Most of us enjoy getting into the Christmas spirit.
I suspect that has more to do with exchanging gifts, taking time off work and getting together with family and friends than it does with religious beliefs.
All the same, the holiday can still be spiritual for most of us because it is one of the few times of year when we can relax and think about the way we live.
With that in mind, I’d like to share a condensed version of one of Christ’s less religious stories.
The tale isn’t just Christian with a capital ‘C’ since Christ is a prophet in both the Muslim and Jewish religions.
No one of any religion, for that matter, seems to have anything bad to say about Christ or his stories today, which is interesting since he was quite a rebel and disliked intensely by the temple authorities of his day.
I’m not a member of any church but I think all the major religions have something valid to offer and I think most of those things can be found in the area where the religions overlap, and for me Christianity sums that area up very nicely with its Golden Rule of, “Do unto others as you would have others do unto you.”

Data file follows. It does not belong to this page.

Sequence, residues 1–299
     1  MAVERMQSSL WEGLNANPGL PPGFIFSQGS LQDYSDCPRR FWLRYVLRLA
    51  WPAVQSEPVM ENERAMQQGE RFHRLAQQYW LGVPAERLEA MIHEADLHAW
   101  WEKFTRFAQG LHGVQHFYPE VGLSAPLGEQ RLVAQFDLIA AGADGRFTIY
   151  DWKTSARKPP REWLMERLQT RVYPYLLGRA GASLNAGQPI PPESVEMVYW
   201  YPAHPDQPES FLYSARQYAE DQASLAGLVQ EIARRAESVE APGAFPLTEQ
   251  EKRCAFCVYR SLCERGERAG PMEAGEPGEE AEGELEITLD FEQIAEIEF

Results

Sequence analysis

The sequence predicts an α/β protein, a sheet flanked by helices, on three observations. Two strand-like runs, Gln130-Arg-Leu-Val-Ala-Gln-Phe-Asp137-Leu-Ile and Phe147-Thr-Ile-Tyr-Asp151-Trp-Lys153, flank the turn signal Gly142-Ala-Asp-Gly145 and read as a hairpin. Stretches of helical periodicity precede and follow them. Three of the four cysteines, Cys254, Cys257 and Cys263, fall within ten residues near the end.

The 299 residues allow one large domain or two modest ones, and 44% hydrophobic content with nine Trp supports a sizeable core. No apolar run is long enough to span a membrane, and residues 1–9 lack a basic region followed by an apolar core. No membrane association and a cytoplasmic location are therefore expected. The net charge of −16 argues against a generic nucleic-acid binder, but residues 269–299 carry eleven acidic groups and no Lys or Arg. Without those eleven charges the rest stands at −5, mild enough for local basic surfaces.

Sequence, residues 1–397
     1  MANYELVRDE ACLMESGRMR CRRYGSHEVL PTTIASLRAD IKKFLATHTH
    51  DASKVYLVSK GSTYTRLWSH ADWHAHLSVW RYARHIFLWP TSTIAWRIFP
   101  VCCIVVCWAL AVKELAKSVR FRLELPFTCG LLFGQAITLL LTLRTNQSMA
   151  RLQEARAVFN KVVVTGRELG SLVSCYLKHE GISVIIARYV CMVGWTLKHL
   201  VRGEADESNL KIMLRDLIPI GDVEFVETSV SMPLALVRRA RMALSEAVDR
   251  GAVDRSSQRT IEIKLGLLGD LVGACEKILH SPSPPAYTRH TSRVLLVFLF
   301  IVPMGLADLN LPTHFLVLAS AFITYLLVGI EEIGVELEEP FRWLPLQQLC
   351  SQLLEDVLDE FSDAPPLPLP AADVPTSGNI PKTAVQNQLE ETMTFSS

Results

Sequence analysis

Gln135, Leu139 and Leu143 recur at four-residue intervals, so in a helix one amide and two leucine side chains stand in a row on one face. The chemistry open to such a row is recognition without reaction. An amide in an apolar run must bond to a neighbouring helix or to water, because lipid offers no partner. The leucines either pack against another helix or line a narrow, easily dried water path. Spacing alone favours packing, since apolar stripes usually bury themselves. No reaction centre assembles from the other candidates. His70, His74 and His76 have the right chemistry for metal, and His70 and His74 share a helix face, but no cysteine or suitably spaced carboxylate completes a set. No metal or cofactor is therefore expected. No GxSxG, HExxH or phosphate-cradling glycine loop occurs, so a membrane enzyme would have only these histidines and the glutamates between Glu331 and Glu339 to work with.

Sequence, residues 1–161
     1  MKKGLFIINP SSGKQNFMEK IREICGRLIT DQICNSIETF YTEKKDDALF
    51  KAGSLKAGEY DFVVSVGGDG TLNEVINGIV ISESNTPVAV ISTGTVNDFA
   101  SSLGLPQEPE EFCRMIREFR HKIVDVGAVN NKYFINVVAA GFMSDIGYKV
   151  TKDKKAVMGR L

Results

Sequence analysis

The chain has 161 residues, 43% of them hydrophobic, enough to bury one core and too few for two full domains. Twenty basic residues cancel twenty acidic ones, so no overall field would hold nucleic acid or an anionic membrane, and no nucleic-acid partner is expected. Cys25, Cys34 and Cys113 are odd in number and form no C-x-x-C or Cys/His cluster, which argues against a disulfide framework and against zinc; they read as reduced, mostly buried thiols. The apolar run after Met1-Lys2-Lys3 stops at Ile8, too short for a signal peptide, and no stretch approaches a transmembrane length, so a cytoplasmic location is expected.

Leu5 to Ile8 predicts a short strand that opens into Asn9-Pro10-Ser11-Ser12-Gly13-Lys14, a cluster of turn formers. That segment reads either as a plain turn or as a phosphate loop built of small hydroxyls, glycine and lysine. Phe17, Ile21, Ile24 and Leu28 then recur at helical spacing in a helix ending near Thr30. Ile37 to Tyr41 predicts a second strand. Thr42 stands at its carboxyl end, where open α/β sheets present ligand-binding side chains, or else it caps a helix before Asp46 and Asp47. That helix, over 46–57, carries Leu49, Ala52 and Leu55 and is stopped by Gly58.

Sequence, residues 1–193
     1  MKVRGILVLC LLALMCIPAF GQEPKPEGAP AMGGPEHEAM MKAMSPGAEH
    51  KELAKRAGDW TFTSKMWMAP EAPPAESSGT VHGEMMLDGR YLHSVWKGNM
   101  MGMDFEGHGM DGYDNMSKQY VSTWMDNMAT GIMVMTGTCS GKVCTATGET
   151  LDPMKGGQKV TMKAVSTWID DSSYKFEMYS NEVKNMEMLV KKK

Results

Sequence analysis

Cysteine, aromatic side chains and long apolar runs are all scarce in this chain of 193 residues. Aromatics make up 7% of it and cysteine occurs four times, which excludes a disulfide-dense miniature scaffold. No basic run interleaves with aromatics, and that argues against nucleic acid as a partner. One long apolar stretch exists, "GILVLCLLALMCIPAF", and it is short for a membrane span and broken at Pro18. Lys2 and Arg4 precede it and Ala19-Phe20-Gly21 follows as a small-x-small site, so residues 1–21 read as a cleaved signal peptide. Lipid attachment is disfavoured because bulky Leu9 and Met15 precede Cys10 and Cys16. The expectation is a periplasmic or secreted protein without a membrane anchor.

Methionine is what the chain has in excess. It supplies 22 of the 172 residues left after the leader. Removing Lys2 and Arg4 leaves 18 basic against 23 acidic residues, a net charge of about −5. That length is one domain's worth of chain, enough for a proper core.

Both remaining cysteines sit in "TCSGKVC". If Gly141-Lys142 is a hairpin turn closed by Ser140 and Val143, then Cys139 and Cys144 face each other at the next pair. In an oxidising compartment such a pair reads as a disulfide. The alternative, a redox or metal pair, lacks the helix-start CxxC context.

In the Parable of the Good Samaritan Christ expands on that idea to take a shot at racism and prejudice.
He talks about a man who was walking down a steep winding road from Jerusalem to Jericho when he was attacked by robbers.
They stripped him, beat him and left him half dead. When a priest came down the same road and saw the man he passed by on the other side.
When an upper class Israelite came to the place and saw the injured man, he passed by on the other side of the road as well.
But when a Samaritan came to where the man was lying, he took pity on him.
The mixed blood traveller went to the mugging victim and bandaged his wounds, treating them with olive oil and wine – both very expensive items in those days – then he put the man on his own donkey, brought him to an inn and took care of him.
The next day he gave the equivalent of two day’s wages to the innkeeper. ‘Look after him,’ he said, ‘and when I return, I will reimburse you for any extra expense you may have.’
I think what Christ was getting at here is that you don’t have to wear fancy robes or a three-piece suite to be a good human being – and you don’t have to be from the right tribe or ethnic background.
Christ’s audience considered Samaritans to be the lowest of the low so to better understand the message maybe each of us should take out ‘Samaritan’ and substitute our own prejudice; Basarwa, Afrikaner, Zimbabwean, Manchester United supporter, whatever.
And if we could get it through our heads that where a person comes from and what he believes doesn’t matter nearly as much as how he behaves, then we’d stand a far better chance of getting into the proper Christmas spirit.